Monthly Archives: January 2016

The Guernsey Literary and Potato Peel Pie Society

by Mary Ann Shaffer and Annie Barrows

The Guernsey Literary and Potato Peel Pie SocietyThis book was passed onto me by a work colleague who couldn’t recommend it to me enough. And almost immediately I could see why.

Even without the recommendation, the title alone would have attracted me to this poignant and touching story about life in German occupied Guernsey. Told through a series of letters between a young writer, Juliet Ashton, and members of the Guernsey Literary and Potato Peel Society. The book follows the highs and lows of life on the islands during the Second World War.

The book opens in 1946 with Juliet seeking inspiration for her second novel. When she stumbles across the Literary society shew soon finds herself on a ferry to Guernsey to find out more. Still suffering from the ravages of the war, the people of the island take her as one of their own and Juliet’s life begins to change forever.

The use of letters to tell the story makes it much more intimate than a normal narrative would have been. You get a much better understanding of each of the characters and how the two strands of the story impact on all their lives.

For Juliet, the islanders provide not just the inspiration for her own book, but also a new direction for her life.

Populated with beautifully portrayed characters, this is an inspiring, touching and compelling take. I found myself totally captivated by the members and their stories.

What really comes across is the author’s fascination with Guernsey, but what is not so obvious is that she was American. Mary Ann Shaffer wrote the book after prompting from her local book club, but due to ill health, asked her niece, Annie Barrows to help her finish the book.

It’s a totally captivating book. What a shame it was Mary Ann’s only novel. 

The Spire

by William Golding

The SpireThere are some books that for whatever reason just don’t quite satisfy or live up to expectation. Unfortunately, “The Spire” proved to be just such a book. From the very first page a felt disconnected from the main character and his story.

William Golding is one of the most celebrated writers of the twentieth century; his classic “Lord Of The Flies” is required reading in literature classes. I myself read the book at school and have gone on to read several more. But for me “The Spire”, despite the claims of critics, is just not in the same league.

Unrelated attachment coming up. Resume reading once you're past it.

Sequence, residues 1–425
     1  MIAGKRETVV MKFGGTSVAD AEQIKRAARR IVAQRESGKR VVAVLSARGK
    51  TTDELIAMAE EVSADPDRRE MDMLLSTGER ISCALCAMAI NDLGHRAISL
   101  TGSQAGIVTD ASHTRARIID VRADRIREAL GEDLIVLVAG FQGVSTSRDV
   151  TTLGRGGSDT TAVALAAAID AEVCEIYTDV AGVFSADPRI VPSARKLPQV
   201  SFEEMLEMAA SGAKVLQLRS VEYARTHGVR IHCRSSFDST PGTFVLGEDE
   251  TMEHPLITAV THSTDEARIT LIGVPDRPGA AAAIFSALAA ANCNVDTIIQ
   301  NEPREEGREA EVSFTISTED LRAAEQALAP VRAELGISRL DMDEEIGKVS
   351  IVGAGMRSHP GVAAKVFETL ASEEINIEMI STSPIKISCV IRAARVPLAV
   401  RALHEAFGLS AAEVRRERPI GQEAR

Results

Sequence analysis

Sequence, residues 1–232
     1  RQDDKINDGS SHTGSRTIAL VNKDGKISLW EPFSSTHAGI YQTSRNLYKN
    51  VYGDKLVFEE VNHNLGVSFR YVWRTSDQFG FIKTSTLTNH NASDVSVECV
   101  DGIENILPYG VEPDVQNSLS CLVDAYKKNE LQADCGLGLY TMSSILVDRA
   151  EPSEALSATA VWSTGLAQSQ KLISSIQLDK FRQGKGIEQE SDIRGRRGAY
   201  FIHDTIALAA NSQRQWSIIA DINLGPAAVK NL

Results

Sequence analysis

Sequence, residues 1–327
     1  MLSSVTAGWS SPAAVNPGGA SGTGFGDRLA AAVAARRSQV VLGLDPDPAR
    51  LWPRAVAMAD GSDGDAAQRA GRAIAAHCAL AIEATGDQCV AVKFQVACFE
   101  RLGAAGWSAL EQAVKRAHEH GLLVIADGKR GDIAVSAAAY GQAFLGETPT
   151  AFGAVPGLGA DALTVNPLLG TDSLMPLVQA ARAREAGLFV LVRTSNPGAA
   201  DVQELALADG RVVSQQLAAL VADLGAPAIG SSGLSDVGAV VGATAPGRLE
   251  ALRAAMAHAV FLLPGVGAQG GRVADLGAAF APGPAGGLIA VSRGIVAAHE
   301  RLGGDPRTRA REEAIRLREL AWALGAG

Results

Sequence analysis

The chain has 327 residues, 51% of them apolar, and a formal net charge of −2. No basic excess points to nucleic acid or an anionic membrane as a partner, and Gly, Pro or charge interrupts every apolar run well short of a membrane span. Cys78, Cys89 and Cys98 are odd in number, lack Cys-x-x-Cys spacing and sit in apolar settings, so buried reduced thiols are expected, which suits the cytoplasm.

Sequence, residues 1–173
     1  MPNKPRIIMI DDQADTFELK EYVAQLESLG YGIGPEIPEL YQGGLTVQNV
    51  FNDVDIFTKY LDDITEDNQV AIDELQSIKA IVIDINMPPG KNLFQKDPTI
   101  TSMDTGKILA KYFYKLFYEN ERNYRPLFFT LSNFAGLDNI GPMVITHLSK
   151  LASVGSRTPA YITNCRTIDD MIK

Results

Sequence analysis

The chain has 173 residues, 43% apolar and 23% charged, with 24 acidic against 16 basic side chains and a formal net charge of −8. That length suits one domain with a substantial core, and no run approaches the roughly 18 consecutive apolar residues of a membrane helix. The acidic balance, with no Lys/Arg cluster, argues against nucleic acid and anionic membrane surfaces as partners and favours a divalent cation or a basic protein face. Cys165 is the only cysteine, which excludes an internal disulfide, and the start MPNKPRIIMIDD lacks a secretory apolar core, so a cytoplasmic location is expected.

The story centres around Dean Jocelin who believes that God has chosen him to build a spire on is Cathedral. But the building has no foundations and everyone, including the builder he hires to help him realise his vision. But Jocelin is determined, even obsessed, and pushes himself and all those around him to extremes to ensure the spire is built.

Throughout the book, Jocelin faces demons both real and imaginary. He is tormented and sadly, so is the story. Maybe I was not in the right frame of mind to appreciate this book, but for me “The Spire” failed to inspire. As you might expect, the book is well written and full of insight, but the story lacks the very foundations that threaten the Dean’s vision.

How To Fall In Love

by Cecelia Ahern

How To Fall In LoveIt is somewhat disingenuous to class Cecelia Ahern’s books as rom-coms, but I must admit it is something I have often been guilty of. True, her books generally have all the right ingredients: lonely young woman meets lonely young man in unusual circumstances; they become friends, things go wrong due to misunderstandings, they realise their mistakes, make up and live happily ever after.

In this case, even the title screams “rom-com” at you. But this book, like many of her other takes of romance has a sharp edge to it that cuts through the usual comedy.

In “How To Fall In Love” Cecelia Ahern brings the often taboo subjects of suicide and depression right to the fore. Finding herself confronted by someone attempting suicide, Christine Rose is determined to do something to keep the handsome (obviously) Adam from ending it all. She has her own motivations, not least of which is that it is the second time in a week she has found herself face to face with a man trying to kill himself.

Known to her friends and family as a Miss fix-it, Christine faces her toughest challenge to date: proving that life is worth living, even when everything seems too dark to continue. And she has just two weeks to do it in, whilst at the same time dealing with the breakdown of her marriage.

Throughout the book the characters of Christine and Adam are drawn closer to each other as they both begin to face their demons and re-discover what really matters to them.

If you take a moment to stand back and think about it, the plot is so fanciful and full of holes, you might wonder how it hangs together. But strangely enough, it does, and very well.

Depression is a difficult subject to discuss, but Cecilia Ahern deals with it with humour, compassion and skill.

“How To Fall In love” may not be a modern classic, but I found it strangely refreshing and heart-warming. Just what I needed to get me through the Christmas holidays.